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The Wild Apricot 2018 Price Increase

In 2015, from the last price increase that Wild Apricot implemented, we said:

But, like all online services with fee structures, they’re going to need to figure out a more routine way of increasing prices, whether it just be on an annual basis, or some other way that allows customers to recognize that A) price increases will happen; and B) they can expect them in a given time frame. I’m sure they will, but at the same time, online clients cannot be surprised when online service prices increase. We’ll all be seeing more and more of that as time goes by.

Well… they didn’t do that. And they were bought out in late 2017, and in February 2018 they announced a price increase, to be implemented on any subscription renewals beginning after the first week in April 2018.

That is not the preferable way you manage costs and prices with online subscription services.

I don’t think you can blame the new owners much for this part of it. But the previous owners of Wild Apricot didn’t implement an annual price increase to focus on additional costs. And costs had to go up, particularly in server software maintenance and in security requirements. And as a software becomes more complicated (which Wild Apricot does continually) it also requires more resources to maintain the working ability of it.

So the new owners inherited a customer base that had only 1 price increase in the previous 8 years and which wasn’t conditioned to a price increase or expecting one.

What we can blame the new owners for is not understanding the client base well enough – or disregarding that understanding.

Three years ago, Wild Apricot gave a huge window of time for their clients to plan for the price increase, including letting the clients buy in at the OLD price level for another year by a certain date. They provided their reasoning for the increase which was easily understandable by most of their clients. This was pretty good, demonstrating an understanding that associations build annual budgets and even though they have some leeway in expenditures, it usually has to be explained to a Board and membership.

This time, it was a significant increase with only really 2 months to decide for the association on what they want to do, and to be honest, a pretty poor explanation of the increase in costs.

Yes, they have added value. But value is an eye-of-the-beholder thing. If I’m not using the new value, but depending on the older value, you are just adding cost. And that added value was, in theory, paid for by the revenues of the past.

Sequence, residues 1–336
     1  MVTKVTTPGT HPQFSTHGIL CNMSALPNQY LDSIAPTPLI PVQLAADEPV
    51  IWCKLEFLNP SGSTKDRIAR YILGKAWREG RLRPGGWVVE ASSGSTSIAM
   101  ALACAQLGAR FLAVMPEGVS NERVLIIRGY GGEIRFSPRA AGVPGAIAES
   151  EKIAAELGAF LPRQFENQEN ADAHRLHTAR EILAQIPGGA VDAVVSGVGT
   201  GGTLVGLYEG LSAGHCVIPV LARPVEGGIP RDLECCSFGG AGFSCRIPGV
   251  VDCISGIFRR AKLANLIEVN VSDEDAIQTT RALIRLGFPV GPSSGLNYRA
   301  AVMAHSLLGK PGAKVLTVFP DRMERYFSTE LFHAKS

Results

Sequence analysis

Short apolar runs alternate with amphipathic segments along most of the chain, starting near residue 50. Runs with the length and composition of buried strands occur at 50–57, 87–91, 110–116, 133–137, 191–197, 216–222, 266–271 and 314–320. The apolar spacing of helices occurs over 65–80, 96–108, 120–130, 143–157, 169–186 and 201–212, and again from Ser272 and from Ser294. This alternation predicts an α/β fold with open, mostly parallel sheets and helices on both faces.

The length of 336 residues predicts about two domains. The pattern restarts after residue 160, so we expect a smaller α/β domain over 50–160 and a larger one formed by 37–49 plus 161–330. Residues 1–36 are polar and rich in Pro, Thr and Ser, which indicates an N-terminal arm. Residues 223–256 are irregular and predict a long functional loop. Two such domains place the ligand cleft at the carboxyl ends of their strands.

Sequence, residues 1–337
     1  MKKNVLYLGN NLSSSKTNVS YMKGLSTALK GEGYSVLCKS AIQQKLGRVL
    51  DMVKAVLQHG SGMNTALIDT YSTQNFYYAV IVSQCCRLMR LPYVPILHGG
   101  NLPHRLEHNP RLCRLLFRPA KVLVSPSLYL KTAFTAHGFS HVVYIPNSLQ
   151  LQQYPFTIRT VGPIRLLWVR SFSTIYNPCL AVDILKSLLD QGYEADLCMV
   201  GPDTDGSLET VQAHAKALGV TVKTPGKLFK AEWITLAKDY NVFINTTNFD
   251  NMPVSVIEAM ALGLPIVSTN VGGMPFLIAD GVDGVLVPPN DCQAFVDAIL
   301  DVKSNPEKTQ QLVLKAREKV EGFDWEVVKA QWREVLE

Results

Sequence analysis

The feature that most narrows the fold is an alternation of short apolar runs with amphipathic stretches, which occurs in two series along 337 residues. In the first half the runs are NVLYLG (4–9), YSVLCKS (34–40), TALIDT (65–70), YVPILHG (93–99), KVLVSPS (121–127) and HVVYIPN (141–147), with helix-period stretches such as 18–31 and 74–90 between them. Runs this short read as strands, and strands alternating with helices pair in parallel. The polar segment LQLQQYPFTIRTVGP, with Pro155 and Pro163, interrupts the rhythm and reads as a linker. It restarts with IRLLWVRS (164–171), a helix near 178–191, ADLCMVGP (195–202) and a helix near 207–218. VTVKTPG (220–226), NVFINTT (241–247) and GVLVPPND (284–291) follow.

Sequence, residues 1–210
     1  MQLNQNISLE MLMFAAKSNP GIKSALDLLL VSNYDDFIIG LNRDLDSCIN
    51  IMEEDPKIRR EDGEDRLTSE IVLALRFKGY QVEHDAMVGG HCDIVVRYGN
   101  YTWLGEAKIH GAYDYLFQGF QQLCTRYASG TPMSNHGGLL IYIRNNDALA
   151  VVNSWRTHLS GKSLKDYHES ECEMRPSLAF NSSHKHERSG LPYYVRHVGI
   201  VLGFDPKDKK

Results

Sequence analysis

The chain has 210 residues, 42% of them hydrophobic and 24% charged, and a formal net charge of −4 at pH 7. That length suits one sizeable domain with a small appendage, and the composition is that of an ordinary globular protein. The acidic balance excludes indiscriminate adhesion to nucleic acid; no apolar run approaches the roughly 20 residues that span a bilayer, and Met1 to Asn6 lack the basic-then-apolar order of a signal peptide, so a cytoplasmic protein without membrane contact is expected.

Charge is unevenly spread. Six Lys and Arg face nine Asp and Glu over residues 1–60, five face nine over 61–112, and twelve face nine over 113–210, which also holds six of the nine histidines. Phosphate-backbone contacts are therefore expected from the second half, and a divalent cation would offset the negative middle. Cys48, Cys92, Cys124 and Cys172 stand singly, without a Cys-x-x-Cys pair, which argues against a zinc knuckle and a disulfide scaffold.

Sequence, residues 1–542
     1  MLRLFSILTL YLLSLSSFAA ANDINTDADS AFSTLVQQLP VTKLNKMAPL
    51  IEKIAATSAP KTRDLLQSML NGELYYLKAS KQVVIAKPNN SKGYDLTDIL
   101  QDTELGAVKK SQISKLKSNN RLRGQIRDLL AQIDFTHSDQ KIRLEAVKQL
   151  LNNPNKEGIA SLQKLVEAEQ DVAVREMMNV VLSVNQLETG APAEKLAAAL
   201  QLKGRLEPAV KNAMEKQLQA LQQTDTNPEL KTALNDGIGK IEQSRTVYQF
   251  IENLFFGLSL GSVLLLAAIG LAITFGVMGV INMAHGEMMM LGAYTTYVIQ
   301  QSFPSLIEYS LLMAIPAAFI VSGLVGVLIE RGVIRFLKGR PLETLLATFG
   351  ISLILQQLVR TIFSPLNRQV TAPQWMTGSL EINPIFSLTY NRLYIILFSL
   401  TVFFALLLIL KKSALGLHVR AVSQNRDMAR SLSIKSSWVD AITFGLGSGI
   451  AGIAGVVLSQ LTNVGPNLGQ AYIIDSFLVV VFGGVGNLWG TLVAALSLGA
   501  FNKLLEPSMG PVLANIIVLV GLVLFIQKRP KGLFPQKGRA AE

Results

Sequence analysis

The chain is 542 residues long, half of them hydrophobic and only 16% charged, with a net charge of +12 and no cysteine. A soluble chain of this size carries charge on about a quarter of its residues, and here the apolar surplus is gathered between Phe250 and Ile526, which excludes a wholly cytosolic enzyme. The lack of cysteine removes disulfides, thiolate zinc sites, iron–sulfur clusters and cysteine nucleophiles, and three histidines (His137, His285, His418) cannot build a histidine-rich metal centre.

Better is the argument of the value they will be adding, and they do make that point, but I think that also has not been done well. And it is a secondary point.

The reality of this is, for everyone involved, is that costs have gone up.

That has been unsaid. We do sites in WordPress and Drupal and do they cost the same as they did 3 years ago? No. Why is that? Because EVERYTHING has gotten more sophisticated, and because server, software and security needs have exploded.

We easily spend 5 times as much time on security issues today as we did 3 years ago. Part of that was perhaps a rose-colored perspective of the security of the Internet at that time. That should no longer exist for anyone, but particularly those that are responsible for the hosting and software of a web site. And that is exactly what Wild Apricot does. And not only do they have to deal with security issues that come from technology, they now also have to deal with security issues that come more… “bureacratically”; for example, the European data protection law and the constantly expanding requirements of the PCI Security Standards Council.

These are labor intensive things.  And they cannot be done cheaply without risking the entire business.  So they should not be done cheaply.

Wild Apricot should have spoken about this – the cost of providing service appropriately, securely, and with greater sophistication all the time.  It is something customers should know – not the specific costs, but the arenas of it.

Frankly, customers should EXPECT an increase in price at this time, because costs are increasing. Or they should expect a company to fail them terribly in the future.

But few in the marketplace want to be the courier of such news.

What I hope Wild Apricot will do is figure out how to make these price changes more incremental – by year, and perhaps by function at some point. 

Wild Apricot is still a bargain in association management software compared to the other online providers even with the price increase.  It will be no big surprise if the other providers increase their prices within a year – at least one of them hasn’t had a price increase in three years either, and that cannot hold.  But hopefully both Wild Apricot AND their customer base have learned something from this price increase:

  • Wild Apricot has to provide a bigger window for customers to understand and support a price increase, and price increases should be smaller within a followup subscription, so they probably will need to increase prices more often than twice in eleven years.  Maybe every other year at the least, for now.
  • Customers should expect those price increases and if they are going to invest themselves into using Wild Apricot, budget appropriately.  Anyone that budgets for anything with future year projections usually provides some sort of cost increase, and if it doesn’t happen it is a happy surprise.  Associations should be doing this with their web sites as well.
Kessler Freedman, Inc.